The broker will arrange a photographer and takstmann so the prospectus can be made and the property listed on popular real estate web sites. An open house is normally held 5-14 days after the property is first shown online.
I have not sold anything in the US or the UK yet but I do know a thing or two about buying real estate in Norway. My advice is set your must have list and try to find a property which suits your lifestyle.
Thanks for the article. We are currently weighting the pros and cons of buying a flat in Oslo and it is hard to even get a mortgage as foreigners! You need at least 15% of the flat price upfront if not more.
Can you please advise of the likely or estimated costs in purchasing a property? What property websites would you advise expats to use in searching for properties? Are there also other websites offering good advice in English? Thank you, Christopher
How long must I own a property before I can sell it after doing it up.I was told that if you sold your house before the 5 year limit you would have to pay 35% tax on the profit you may make. E.g. if you bought a place for 500000kr and sold it for 750000kr you pay tax on the 250000 bit.
In Norway, buying a house is easy for some people. Others, however, have found several challenges. When you purchase a property in the country, you should prepare for a lengthy process and expect anything else to be a bonus.
If we refer back to the Statista research mentioned earlier in this article, average property prices rose in Norway between February 2021 and 2022 from 4,100,901 NOK to 4,244,759. Tromsø saw a pretty significant jump, as did Oslo.
Trondheim saw a huge price index jump of 11.4% in the time period mentioned above, and Trøndelag County, in general, was also high on the property appreciation index. Houses in the region (excluding Trondheim) rose by 7.9% in value from the first quarter of 2021 to the same stage in 2022.
One of the reasons you might consider looking at a property is so you can get involved in real estate in Norway. Housing is in high demand thanks to a prosperous job market and plenty of students from Norway and abroad, but is it possible to rent your house to other people in the country?
If you plan to move to Norway and have your residence permit, you can buy it right away. Even someone looking for a second home in Europe without obtaining Norwegian citizenship can also purchase a property.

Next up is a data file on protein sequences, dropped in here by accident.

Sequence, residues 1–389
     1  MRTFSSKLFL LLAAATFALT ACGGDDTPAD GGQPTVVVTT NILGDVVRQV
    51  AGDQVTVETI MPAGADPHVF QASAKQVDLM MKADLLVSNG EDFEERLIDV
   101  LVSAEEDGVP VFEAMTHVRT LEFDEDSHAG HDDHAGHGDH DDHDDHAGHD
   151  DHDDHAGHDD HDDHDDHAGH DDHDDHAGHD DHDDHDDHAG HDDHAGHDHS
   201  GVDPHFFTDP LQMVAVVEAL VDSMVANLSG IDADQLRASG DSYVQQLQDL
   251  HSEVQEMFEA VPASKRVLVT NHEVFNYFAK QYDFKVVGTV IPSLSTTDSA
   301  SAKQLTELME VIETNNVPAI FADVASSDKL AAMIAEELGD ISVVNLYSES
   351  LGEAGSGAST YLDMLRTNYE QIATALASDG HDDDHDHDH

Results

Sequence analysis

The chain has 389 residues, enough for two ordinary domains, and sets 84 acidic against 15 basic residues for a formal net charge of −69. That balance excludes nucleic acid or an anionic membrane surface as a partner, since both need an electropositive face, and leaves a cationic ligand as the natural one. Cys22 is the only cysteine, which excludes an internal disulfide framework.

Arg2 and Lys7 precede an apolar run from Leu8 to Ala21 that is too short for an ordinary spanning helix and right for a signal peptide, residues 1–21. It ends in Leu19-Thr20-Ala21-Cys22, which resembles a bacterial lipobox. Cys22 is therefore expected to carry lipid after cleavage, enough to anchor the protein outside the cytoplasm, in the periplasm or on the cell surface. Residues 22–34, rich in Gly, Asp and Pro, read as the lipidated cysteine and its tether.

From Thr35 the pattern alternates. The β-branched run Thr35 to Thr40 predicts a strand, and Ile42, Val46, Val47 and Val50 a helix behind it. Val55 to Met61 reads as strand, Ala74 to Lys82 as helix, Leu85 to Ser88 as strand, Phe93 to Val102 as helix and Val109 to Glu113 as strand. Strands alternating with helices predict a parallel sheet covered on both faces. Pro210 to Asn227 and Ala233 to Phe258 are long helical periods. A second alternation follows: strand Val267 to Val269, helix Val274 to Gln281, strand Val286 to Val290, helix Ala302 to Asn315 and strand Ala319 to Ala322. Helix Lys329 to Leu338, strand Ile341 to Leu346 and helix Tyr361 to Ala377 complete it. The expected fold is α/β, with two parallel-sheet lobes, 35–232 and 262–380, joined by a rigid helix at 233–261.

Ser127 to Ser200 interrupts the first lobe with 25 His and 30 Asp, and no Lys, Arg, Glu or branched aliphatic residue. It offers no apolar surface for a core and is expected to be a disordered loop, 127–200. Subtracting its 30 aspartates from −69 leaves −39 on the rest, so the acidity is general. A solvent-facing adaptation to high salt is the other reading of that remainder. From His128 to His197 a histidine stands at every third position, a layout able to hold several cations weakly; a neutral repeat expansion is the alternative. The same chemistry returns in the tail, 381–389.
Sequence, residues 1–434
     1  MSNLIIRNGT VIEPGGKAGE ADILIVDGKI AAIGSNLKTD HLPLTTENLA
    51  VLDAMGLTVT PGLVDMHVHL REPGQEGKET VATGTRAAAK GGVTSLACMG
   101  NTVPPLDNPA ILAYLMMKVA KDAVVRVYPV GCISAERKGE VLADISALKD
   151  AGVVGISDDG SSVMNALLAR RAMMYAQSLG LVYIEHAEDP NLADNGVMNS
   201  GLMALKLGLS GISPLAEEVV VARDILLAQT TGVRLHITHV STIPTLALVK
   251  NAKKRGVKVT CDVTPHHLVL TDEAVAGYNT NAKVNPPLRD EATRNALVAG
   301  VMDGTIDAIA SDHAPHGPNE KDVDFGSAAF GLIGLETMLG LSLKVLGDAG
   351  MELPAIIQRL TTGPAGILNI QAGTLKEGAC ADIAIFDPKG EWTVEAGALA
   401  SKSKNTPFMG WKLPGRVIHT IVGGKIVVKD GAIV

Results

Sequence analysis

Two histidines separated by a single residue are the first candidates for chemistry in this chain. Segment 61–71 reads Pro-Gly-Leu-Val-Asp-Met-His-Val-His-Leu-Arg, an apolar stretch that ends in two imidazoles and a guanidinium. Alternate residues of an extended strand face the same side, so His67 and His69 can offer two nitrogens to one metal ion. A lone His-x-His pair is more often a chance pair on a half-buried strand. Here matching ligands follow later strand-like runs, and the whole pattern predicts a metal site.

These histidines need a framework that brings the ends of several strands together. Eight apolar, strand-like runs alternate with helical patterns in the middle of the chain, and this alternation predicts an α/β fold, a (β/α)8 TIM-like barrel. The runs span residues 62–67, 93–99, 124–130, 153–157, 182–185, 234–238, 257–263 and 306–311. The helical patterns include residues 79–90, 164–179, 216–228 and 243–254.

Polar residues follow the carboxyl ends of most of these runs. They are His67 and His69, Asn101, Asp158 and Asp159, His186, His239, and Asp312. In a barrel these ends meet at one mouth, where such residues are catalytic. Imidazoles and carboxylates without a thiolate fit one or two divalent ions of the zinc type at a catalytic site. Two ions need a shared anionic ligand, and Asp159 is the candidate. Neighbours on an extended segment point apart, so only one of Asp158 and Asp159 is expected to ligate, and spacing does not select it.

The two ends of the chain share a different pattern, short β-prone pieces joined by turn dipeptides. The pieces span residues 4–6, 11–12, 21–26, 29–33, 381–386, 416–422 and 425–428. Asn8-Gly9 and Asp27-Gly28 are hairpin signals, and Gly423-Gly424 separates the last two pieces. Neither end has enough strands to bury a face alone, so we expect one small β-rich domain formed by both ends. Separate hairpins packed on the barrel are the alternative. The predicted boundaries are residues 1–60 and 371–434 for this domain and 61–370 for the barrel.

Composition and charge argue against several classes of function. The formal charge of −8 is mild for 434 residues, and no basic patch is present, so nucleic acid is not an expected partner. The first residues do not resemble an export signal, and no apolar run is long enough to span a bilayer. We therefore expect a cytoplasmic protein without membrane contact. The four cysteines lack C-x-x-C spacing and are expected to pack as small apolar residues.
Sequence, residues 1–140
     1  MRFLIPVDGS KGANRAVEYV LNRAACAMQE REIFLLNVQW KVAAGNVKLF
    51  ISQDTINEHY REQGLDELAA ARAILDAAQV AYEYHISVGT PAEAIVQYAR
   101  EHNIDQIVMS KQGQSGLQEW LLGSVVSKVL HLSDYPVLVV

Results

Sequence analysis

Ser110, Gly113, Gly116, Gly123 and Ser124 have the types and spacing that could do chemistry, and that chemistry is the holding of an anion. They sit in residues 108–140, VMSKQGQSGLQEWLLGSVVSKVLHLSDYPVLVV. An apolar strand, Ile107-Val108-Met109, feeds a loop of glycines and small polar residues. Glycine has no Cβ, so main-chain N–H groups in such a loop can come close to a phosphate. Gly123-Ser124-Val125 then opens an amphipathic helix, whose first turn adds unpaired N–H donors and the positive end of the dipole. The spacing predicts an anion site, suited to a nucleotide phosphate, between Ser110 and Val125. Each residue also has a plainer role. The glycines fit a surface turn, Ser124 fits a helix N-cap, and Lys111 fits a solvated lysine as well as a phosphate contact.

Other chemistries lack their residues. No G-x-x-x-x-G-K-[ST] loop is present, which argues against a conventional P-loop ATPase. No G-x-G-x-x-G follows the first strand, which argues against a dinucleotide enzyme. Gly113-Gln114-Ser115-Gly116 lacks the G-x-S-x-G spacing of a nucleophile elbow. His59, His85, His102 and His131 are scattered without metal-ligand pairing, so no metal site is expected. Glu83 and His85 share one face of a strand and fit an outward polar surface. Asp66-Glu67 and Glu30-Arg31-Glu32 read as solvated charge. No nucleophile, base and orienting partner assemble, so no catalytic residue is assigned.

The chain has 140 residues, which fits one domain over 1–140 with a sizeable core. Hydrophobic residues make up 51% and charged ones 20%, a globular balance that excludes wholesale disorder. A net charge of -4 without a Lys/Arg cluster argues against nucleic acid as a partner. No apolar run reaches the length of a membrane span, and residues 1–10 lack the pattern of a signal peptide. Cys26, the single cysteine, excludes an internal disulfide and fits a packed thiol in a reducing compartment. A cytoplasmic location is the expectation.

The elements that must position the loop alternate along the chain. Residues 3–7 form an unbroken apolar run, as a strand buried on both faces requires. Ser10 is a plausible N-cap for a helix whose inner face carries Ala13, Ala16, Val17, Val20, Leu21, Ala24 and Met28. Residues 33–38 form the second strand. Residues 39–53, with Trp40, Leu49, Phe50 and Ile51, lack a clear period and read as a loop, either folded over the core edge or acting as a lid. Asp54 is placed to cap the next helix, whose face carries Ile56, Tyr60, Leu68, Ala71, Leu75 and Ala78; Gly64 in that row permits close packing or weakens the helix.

Depending on where you choose to buy, you might not even have to pay property tax. Finding the best place to buy in Norway can be difficult because each city or town brings a beautiful and unique charm that Americans hoping to move abroad will love.
You are only likely to have your property seized by the government if you break the law and your property is involved in the legal proceedings. If you live in an area with property tax, and fail to pay, you could face some consequences from the government.
The country faced overall depreciation in property value from 2015 to 2017, but things are looking up. After an initial slowing in the property market during early 2020, Norwegian property values are back on track, appreciating value.
Oslo: the capital city is known for its rich cultural heritage, museums, and lots of green spaces. This expensive city has 600,000 residents and is looking at property value raising 18.8% from 2020 to 2023.
Stavanger: one of the oldest cities in Norway, Stavanger is known for its colorful buildings, white beaches, and delicious local cuisine. The property values in Stavanger increased by nearly 10% in 2020.
Norway has dozens of charming small cities and towns with enchanting views and incredible local culture. Most populated areas currently see property values climbing rapidly, but these three places stand out in the Norwegian market.
FINN: FINN is the most popular real estate website for Norwegians on the move. This online marketplace has listings for everything from property, to cars, to boats. Once you settle on that cozy property by the sea, maybe you can start looking to set sail, too.
Not only will you have the costs mentioned above in step eight of buying a home in Norway, but there are additional costs. Some of these are one-time fees, like registration paperwork, or typical property fees you see in America.
If you intend to live on your property, you will have the typical costs associated with homeownership. You will also need to pay utilities like electricity, water, natural gas, or even parking monthly.
Oslo, for example, does not have property tax for residential dwellings. Instead, you will pay a 2.5% transfer fee on the property at the time of purchase. After you have paid that initial fee, you do not need to worry about property tax at all.
Once you get approved, make sure you have at least two weeks for the paperwork to file and funds to transfer into your account. Remember, bids are legally binding in Norway, so do not get your heart set on one particular property before the money has come through. 59ce067264